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A tryst with European authors in Delhi

By October 3, 2018No Comments

Source : Times of India

The national capital witnessed an august gathering of 10 acclaimed authors from 10 European countries, who read out from their texts to a closed-door audience at the Instituto Cervantes in New Delhi on September 28, 2018.

Ten authors from 10 European Union countries bedazzled the Delhi literati on Friday with their stirring reading-out sessions in their respective languages as well as in English at the Spanish Institute. Supported by the European Union, the event, Long Night of Literatures, is an endeavour to bring a literary assortment of European literature under one roof.

The event was hosted by the Embassy of Spain, Instituto Cervantes, and sought to celebrate the linguistic diversity and the literary vigour of Europe. The participating countries were Austria, Czech Republic, Denmark, France, Hungary, Portugal, Romania, Slovenia, Spain, and Switzerland.

The ten authors who swayed the audience with their linguistic magic were Clemens Berger, Veronika Resslova, Henriette Rostrup, Jean-Claude Perrier, Istvan Voros, Suneeta Peres da Costa, Claudiu M. Florian, Gabriela Babnik, Carrasco, and Ariane Von Graffenried. Of these, Suneeta Peres da Costa is a Portuguese diaspora author whose parents are of Goan origin. She writes about her Goan heritage and her recent novel Saudade, which was published in 2018, presents the legacies of Portuguese colonialism and the Goan diaspora in Angola.

On being asked about what inspires her to write, Suneeta said, “I am a daughter of immigrants. Personally, issues around cultural identity and inheritance, disposition of people, and loss of cultural identity are themes that interest me.”

Suneeta also feels that aspiring Indian writers should write more about their cultural identity and issues and in their native language. “I really wish the languages of India are preserved through more responsible writing because there is a huge readership here. People should write more in their languages. It’s important to publish more of Dalit writing, stories about minorities, and women’s writings in India. Because writing is about our experiences as well and it can shift people’s perspectives.”

Romanian author Claudio M. Florian works at the Cultural Institute in Berlin while at the same time writing about Cold War and Communalism in Germany. When asked about balancing time between a full-time job and writing a novel, Florian said, “Believe it or not, even for me it is hard to believe. I wrote 99% of my first book in the metro while commuting between home and office, and it took me three years to complete it. My daughter was very young at that time and the job was very time consuming as well… Writing was like yoga for me– disconnecting from one world and plunging into the other to write my book.”

Sharing his writing tips for aspiring writers in India, Claudiu said, “The best writing tip would be to not copy any ‘fashionable’ way of writing. One should try to stick to themselves and to write about themselves– look at their own origin and country, and try to be as sincere as possible and avoid being modern or technical in their writing… When you write about yourself and make yourself interesting, you can build yourself an audience. India has so many topics that you can captivate your audience with.”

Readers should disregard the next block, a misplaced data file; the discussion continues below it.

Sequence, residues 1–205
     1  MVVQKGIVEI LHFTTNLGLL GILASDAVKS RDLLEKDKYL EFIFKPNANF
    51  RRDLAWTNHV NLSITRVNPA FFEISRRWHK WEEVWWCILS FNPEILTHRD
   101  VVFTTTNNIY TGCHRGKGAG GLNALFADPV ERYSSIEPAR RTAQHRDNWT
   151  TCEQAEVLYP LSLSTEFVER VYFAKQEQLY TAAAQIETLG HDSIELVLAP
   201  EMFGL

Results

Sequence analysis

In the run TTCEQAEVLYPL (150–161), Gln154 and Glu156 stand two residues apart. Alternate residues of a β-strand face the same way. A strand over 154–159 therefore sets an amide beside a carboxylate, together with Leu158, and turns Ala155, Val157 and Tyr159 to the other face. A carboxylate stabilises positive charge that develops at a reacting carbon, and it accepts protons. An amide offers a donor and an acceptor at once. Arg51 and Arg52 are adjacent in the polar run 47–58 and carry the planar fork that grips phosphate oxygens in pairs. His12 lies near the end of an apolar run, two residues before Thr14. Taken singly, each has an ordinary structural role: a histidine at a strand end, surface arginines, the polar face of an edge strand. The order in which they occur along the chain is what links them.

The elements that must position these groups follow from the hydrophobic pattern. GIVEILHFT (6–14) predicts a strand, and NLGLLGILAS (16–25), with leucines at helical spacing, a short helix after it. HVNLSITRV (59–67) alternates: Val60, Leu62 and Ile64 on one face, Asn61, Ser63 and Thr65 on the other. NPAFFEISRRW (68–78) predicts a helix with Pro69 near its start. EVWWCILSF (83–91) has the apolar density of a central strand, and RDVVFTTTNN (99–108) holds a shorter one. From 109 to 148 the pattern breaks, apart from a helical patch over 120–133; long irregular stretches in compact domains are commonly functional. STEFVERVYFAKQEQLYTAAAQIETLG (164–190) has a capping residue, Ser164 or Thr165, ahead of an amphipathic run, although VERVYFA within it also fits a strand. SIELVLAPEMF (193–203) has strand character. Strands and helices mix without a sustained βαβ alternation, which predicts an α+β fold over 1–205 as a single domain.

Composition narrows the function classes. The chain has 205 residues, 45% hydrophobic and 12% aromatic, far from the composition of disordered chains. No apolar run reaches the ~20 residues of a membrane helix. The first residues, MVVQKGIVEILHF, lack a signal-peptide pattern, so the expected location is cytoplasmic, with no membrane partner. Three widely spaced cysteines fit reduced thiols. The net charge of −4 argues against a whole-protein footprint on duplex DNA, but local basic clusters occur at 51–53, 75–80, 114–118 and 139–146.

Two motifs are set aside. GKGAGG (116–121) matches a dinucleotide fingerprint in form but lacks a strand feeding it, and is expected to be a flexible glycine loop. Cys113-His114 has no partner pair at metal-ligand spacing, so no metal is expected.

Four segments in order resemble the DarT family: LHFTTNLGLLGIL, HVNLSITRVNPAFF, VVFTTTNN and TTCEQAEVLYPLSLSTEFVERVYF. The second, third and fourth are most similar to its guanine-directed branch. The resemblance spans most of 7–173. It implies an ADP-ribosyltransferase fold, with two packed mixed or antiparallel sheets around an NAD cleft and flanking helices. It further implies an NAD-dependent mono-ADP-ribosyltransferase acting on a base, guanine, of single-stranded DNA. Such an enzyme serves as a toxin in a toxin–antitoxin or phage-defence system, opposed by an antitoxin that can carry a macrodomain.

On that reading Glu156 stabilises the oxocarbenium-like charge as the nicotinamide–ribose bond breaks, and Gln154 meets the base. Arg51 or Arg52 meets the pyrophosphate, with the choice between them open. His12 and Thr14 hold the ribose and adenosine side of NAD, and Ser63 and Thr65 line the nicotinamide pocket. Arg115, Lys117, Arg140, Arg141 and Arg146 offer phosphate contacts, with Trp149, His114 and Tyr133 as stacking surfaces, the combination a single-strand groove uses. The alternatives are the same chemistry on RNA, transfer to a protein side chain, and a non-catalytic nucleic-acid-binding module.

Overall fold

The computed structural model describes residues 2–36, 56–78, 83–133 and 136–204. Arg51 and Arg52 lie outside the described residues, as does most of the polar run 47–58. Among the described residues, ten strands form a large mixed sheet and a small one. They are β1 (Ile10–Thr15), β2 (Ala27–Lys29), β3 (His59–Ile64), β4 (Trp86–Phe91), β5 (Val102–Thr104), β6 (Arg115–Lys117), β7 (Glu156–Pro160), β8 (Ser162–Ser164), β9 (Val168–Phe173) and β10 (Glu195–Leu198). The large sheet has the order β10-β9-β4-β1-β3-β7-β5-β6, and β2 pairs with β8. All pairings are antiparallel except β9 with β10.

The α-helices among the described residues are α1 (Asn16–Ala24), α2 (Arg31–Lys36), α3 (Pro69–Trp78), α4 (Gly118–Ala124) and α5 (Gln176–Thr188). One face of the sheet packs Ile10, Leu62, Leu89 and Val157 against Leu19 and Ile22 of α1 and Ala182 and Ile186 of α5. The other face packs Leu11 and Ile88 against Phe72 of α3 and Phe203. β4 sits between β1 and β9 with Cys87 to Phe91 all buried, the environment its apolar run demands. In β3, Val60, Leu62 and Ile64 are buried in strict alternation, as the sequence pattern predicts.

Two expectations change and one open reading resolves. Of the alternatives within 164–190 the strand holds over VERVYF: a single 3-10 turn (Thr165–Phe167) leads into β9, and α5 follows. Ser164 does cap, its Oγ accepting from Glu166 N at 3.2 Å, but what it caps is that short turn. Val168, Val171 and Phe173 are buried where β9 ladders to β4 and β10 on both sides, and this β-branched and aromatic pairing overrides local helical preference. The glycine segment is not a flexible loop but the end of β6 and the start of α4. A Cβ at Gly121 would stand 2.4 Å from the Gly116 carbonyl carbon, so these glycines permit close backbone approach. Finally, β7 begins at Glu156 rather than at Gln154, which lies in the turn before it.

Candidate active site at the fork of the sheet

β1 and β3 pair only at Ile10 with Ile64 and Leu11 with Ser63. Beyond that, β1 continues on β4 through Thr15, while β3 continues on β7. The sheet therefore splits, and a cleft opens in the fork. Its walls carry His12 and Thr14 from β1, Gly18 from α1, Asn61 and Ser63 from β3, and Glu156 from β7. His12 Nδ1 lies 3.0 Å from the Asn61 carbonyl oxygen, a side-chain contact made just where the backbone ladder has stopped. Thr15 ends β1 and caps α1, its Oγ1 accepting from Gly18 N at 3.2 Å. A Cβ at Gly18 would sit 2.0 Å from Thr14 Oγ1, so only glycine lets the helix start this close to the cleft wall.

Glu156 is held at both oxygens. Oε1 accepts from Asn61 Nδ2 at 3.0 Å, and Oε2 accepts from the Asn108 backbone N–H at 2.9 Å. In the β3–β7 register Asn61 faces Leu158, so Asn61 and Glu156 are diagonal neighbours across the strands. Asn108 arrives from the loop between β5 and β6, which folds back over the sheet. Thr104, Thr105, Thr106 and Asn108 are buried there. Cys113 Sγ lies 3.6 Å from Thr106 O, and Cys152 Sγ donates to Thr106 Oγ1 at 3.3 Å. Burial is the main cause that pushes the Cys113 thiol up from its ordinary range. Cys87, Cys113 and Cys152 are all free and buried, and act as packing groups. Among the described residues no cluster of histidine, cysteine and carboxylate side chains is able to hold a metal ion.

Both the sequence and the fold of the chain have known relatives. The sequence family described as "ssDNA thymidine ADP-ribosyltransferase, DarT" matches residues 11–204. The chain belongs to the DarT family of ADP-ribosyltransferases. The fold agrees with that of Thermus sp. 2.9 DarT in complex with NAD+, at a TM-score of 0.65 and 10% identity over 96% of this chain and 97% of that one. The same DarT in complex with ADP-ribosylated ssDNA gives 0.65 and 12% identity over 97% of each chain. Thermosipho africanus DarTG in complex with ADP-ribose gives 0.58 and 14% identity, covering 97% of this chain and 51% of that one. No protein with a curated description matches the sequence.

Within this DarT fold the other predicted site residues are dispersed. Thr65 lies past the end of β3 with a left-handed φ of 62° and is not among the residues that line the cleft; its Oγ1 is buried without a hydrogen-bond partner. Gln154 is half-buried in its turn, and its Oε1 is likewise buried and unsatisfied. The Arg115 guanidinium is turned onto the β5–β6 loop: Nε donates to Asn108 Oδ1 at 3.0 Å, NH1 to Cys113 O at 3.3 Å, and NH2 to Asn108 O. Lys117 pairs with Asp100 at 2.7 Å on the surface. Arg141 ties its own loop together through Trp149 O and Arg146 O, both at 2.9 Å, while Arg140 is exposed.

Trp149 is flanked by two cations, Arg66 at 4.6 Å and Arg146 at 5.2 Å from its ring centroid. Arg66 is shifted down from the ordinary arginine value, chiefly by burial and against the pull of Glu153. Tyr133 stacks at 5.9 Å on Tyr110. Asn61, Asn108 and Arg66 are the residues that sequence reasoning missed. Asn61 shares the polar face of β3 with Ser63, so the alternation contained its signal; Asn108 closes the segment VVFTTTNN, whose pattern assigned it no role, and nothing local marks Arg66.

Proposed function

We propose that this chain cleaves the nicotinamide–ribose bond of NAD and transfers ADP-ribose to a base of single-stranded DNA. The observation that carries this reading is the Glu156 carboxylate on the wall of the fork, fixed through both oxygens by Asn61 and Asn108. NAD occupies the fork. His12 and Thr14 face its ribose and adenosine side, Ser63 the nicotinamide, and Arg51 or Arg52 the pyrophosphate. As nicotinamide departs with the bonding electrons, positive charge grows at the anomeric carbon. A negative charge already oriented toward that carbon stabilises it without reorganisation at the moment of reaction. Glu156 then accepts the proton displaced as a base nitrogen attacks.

Author Henriette from Denmark is known in her homeland for juggling multiple literary professions. A fan of Salman Rushdie, Rohinton Mistry, Aravind Adiga, Henriette has worked as an editor, a literary agent, and has written stories for kids, a graphic novel, and three other books. On being asked for whom does she enjoy writing more, children or adults, she told us, “Writing for children and adults are two different things. You must be on-point when you are writing for kids; whereas writing books for grown-ups takes longer, but that’s probably the only thing I worry about. If I have a story in my head that tells me if I’m writing for children or for adults, I just have to get it out. So, it is enjoyable either way, I think.”

When asked to share her tips with aspiring writers, Henriette implored, “Write. The thing is that if you read a lot, then you become a better writer. Then to practice, you have to write, write, and write more. And then you have to edit before the final work is published.”

The 10 authors were placed simultaneously in 10 different rooms where they read out excerpts from each of their celebrated works, in their own language. Post the reading, each author went on to explain the text in English, thus bridging a linguistic gap between two continents. The audience listened to them in rapt attention, awed by the beautiful language the authors would read in, and then moved by the prose when explained.

The audience interacted closely with the European authors and a splendid evening of literary encounters was established at the Instituto Cervantes. The 10 authors had also visited the Delhi University campus on September 26 to interact with some 150 students to discuss ‘Writing across cultures/boundaries’.

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